Hi, everybody. Today, I want to talk about a concept called wabi-sabi. I’m going to read the definition, and then I’m going to show you how this relates to betrayal. Ready? In traditional Japanese aesthetics, wabi-sabi is a worldview centered on the acceptance of transients, and imperfection. The aesthetic is sometimes described as one of beauty that is imperfect, impermanent and incomplete.
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It is the concept derived from the Buddhist teaching of the three marks of existence, specifically impermanence, suffering, and emptiness or absence of self-nurture. Characteristics of the wabi-sabi aesthetic include asymmetry, roughness, simplicity, economy, austerity, modesty, intimacy, and appreciation of the ingenuous integrity of natural objects and processes.
What I love so much about this concept is it’s a celebration of the imperfect.
I have seen pictures of explanations of wabi-sabi and you will see, let’s say, a vase and the vase has– it’s not just repaired with Elmer’s Glue, it’s repaired with gold and the cracks and the imperfections of it are celebrated. It’s the opposite of what so many of us view or would view as beauty. Let’s say it’s something that looks perfect or sleek, and what’s so beautiful about it is that it’s celebrating the beauty of what’s natural, and the flaws, and all of it.
There’s something prized about things that are handmade and imperfect, and it’s the authenticity and appreciating the nature, and really appreciating what that thing has been through. How does that relate to us? You can talk about this as it relates to someone who’s been through something rough or even thinks about childbirth. You may have this perfect– what you have considered this perfect body beforehand, and then let’s say you’ve had a few babies.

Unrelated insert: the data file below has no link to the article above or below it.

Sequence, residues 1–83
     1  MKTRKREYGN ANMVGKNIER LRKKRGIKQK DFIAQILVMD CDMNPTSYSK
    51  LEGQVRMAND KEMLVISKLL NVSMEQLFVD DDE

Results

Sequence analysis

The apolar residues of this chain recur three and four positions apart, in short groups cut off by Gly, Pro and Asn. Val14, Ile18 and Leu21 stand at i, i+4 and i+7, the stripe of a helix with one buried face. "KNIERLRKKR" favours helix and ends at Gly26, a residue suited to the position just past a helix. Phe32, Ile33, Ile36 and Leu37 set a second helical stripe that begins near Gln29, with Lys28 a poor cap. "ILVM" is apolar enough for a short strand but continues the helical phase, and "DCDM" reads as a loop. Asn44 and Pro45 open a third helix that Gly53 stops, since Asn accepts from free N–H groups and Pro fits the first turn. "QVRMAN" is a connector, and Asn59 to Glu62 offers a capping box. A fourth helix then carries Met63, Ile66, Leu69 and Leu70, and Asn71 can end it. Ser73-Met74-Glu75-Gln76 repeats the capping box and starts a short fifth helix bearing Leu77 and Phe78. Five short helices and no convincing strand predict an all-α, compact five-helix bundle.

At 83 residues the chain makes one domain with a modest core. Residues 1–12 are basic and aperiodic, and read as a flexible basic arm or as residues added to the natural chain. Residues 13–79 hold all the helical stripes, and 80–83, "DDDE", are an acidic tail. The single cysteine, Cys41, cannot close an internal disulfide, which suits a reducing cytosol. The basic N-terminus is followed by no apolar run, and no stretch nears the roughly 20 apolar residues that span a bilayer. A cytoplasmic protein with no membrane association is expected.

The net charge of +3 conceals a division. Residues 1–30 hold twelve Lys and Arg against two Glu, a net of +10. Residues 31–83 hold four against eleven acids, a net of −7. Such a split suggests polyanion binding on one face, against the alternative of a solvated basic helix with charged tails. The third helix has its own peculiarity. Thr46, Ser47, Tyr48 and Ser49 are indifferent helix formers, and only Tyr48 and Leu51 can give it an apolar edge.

Now, maybe you have some stretch marks, or maybe your hips are a little bit wider, or maybe you have some loose skin, and things like that. There are so many women who look at their body, and they are so aggravated and just discouraged, but think about what that body has been through. Think about what that body has created, and what that body has been able to do and to overcome.
It’s this appreciation of, yes, that body may not be perfect in the eyes of what you would have considered perfect years ago, but look what it was able to do. When you look at, let’s say, just going through any challenge, could be a financial disaster, it could be the death of a loved one. It could be a crisis like abuse, or betrayal, or something like that, where you have been there and back.
You may be looking, saying, “Oh my gosh, look at my life. It’s been completely destroyed. Life as I’ve known it no longer exists.” You know what? Look at this new life that’s been rebuilt and reborn because of your experience.
I’ll tell you, having worked with so many women who have been there and back, there is no one in my eyes more beautiful, truly beautiful, than that woman who has just crashed and burned and lost it all, only to rebuild something so spectacular that she never in a billion years would have created had she not been what she went through.